tackles will do a lot more to get into the backfield, while
Wilson and Heyward blossom with more
Weakness: Proven backup ends. Wilson and Heyward might be fine,
but they'll need Gibson and former walk-on
Tom Ingham to provide help in a rotation. There's help on the
way from the recruiting class, but the less they're needed, the
Outlook: How good is the defense? The
tackles, by OSU's high standards, had a bad year, Gholston was streaky, and top end prospect, Wilson, was
knocked out for the year with a broken leg and the D still
finished sixth in the nation in sacks, eighth in tackles for
loss, and third against the run. The scary part about it is that
now the tackles will be better. There's a good four-man rotation
that should be tremendous, while Wilson should blossom into a
Projected Starters: In one of the biggest
upsets of the 2008 season, James Laurinaitis decided to
come back for his senior season. In a weak year for linebackers,
he would've been the first one taken and a near-certain top 20
overall pick, but instead he now has a shot to finish up his
career as, arguably, one of the five greatest linebackers to
ever play college football. A winner of the Butkus Award as the
nation's best linebacker, and the Nagurski Award (in 2006) as
the nation's best defensive player, he has made 236 tackles, 17
tackles for loss, nine sacks and seven interceptions in the last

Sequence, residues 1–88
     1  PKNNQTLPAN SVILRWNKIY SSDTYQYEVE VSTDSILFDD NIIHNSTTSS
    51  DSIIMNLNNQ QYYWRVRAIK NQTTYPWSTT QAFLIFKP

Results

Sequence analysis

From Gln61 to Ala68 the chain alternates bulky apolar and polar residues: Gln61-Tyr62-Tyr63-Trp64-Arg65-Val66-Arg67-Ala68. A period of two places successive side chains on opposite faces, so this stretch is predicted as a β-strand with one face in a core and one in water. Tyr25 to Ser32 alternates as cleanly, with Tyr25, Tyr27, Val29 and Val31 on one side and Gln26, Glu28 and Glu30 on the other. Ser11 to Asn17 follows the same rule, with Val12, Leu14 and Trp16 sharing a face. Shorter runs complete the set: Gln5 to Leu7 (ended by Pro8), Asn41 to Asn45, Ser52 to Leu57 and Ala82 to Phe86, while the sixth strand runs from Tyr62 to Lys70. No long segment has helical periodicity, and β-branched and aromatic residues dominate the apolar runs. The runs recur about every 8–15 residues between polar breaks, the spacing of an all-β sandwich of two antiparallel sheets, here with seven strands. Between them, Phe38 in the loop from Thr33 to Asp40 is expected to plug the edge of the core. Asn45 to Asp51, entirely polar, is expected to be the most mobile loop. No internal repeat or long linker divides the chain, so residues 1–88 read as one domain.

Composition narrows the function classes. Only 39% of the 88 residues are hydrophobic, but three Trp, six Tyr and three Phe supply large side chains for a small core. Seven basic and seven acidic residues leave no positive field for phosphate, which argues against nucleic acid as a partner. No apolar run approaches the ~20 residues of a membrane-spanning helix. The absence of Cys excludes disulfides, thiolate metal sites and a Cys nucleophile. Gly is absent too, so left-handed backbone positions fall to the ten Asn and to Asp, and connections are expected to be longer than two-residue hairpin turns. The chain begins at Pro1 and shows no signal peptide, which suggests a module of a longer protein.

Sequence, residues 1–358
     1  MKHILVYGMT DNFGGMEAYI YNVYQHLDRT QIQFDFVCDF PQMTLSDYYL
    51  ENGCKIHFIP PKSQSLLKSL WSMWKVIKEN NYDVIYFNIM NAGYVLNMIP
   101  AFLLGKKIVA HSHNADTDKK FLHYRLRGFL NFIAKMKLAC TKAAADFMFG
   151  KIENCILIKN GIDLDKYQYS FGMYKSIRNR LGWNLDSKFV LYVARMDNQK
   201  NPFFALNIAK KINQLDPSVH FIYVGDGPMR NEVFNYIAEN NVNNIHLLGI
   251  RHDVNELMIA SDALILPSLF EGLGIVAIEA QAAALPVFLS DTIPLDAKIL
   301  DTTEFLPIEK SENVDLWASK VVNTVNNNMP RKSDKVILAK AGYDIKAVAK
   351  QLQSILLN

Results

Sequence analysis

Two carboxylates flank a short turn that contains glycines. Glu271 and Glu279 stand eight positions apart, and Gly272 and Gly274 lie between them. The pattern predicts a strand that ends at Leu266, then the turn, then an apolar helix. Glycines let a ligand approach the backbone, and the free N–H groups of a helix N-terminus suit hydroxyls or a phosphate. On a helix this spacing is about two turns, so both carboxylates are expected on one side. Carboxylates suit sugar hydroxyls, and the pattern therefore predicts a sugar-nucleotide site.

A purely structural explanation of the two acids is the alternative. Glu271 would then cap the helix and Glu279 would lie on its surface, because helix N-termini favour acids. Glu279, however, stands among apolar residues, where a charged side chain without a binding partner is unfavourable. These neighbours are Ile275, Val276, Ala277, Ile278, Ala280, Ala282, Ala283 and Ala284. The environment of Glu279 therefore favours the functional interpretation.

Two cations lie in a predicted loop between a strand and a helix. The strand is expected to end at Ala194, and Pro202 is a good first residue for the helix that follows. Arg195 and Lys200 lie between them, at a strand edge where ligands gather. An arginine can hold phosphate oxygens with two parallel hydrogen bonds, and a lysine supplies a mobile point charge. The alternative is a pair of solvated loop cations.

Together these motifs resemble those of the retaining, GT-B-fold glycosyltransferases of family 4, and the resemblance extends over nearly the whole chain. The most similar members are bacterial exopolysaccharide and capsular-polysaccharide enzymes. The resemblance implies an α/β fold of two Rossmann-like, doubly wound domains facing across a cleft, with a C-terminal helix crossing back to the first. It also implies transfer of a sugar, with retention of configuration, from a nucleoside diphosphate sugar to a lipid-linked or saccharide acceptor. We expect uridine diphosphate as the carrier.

two seasons, highlighted by a 19-tackle day last year in the win
over Wisconsin. He made 18 stops in the national title loss to
LSU. Numbers don't begin to show just what he means to the
defense. A tough leader and versatile player able to operate
inside and out, and while he's not a freakish athlete, like A.J.
Hawk was, he has 6-3, 240-pound size and the range to make plays
all over the field.
While not the pro prospect James Laurinaitis is, 6-1, 239-pound
senior Marcus Freeman could've turned pro early after
finishing second on the team with 109 tackles, 1.5 sacks and 9.5
tackles for loss as he proved he was fully past the knee injury
that knocked him out for the entire 2005 season. While he could
stand to do a bit more against the pass on the weakside, he's
not bad covering running backs out of the backfield and is a
rock against the run. He was good from start to finish, but he
started to blow up late in the year with 14 stops against Penn
State, 18 against Illinois and 14 against LSU. He could still
stand to get a bit bigger, but with his speed and athleticism,
he's going to be a star as is.